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Journalists made a damaging Kavanaugh story go viral - but it was too good to be true

Reporters and commentators rushed to spread a damaging story about Supreme Court nominee Brett Kavanaugh on social media Friday, but it turned out to be completely false. (Chip Somodevilla/Getty Images)

Mainstream media reporters and commentators appeared to be much too zealous in spreading a false story on social media Friday that was very damaging to Brett Kavanaugh, the president's nominee to the Supreme Court.

"I should not have RTed this."

The story was contained in just one tweet, and it had no link, just a claim that the content came from the Wall Street Journal.

Despite the dubious sourcing, various reporters retweeted it over and over for hours, apparently in hope that the damaging story was true.

The tweet came from an account named "Alan Covington," and it said that Republicans pulled a prosecutor who was questioning Brett Kavanaugh during his hearing before the Senate Judiciary Committee because she had determined he had lied.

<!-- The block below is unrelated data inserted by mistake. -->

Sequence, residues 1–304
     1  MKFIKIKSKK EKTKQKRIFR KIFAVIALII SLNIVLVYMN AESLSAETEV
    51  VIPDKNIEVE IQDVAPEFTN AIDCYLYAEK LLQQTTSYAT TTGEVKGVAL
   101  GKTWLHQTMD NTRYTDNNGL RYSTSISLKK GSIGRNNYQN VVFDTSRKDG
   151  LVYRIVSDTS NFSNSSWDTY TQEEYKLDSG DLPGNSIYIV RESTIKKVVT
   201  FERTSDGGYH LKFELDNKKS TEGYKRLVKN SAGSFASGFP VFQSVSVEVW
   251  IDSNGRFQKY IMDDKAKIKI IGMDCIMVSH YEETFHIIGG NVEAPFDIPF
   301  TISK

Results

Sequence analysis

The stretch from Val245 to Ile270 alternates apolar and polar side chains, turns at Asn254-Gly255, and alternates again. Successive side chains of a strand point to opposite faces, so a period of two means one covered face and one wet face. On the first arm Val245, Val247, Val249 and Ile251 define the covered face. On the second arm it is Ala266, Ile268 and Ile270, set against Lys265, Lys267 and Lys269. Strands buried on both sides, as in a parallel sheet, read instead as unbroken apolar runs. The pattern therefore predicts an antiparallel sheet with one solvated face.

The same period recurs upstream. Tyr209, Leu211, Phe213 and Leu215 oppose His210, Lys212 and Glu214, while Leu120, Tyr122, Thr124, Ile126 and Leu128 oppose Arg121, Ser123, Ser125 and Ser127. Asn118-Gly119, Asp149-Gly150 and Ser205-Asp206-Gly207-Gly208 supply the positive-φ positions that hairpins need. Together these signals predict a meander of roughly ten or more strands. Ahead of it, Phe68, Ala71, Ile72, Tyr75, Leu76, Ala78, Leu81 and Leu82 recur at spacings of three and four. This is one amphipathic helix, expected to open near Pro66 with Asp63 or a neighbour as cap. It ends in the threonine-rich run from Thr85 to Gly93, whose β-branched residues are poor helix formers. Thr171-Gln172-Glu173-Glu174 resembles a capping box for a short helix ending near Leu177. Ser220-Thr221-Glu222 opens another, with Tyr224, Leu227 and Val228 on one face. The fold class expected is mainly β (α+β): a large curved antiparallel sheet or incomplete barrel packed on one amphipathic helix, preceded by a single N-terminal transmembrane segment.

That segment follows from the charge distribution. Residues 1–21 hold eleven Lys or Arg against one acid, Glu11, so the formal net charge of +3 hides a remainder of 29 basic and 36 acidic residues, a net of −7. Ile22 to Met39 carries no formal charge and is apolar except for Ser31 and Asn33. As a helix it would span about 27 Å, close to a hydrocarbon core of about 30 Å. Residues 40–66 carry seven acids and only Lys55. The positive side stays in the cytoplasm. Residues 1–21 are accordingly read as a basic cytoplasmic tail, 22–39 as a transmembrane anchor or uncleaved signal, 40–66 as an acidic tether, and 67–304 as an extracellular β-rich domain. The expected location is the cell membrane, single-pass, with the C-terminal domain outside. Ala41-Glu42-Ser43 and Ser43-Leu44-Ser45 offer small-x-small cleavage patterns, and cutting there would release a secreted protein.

"Mitchell advised Republicans that to continue questioning Kavanaugh she was required by her oath in Arizona to inform Kavanaugh of his rights after he lied to her," the tweet read.

"That WSJ story doesn't appear to exist"

But the story was completely false, and they soon began to delete their tweets and undo their retweets.

Harvard Law professor Laurence Tribe apologized for rushing to post the tweet.

"I erred in believing that the WSJ 'story' was authentic and deleted my retweet as soon as I learned the tweet below was fake but didn’t have time to tweet a correction until now," Tribe tweeted. "Sorry for the delay."

Joshua Holland, a contributor to The Nation, was so incensed by the fake story, he added, "They covered up a felony in the middle of the f**king hearing." After he discovered it was fake, he tweeted, "Couldn't find the story at WSJ so I deleted this tweet."

Aaron Blake of the Washington Post admitted retweeting it and warned others not to keep posting it.

Matt Yglesias of Vox News posted a screenshot of his propagation of the story - he got 53 retweets at the time of the screenshot.

Others, like Justin Sink of Bloomberg, mocked everyone for reposting the false story, and also for "freaking out" over it.

The owner of the account later claimed that he was hacked when the false message went out.

President Donald Trump has often criticized the news media for what he sees as "fake news" and anti-Republican bias.

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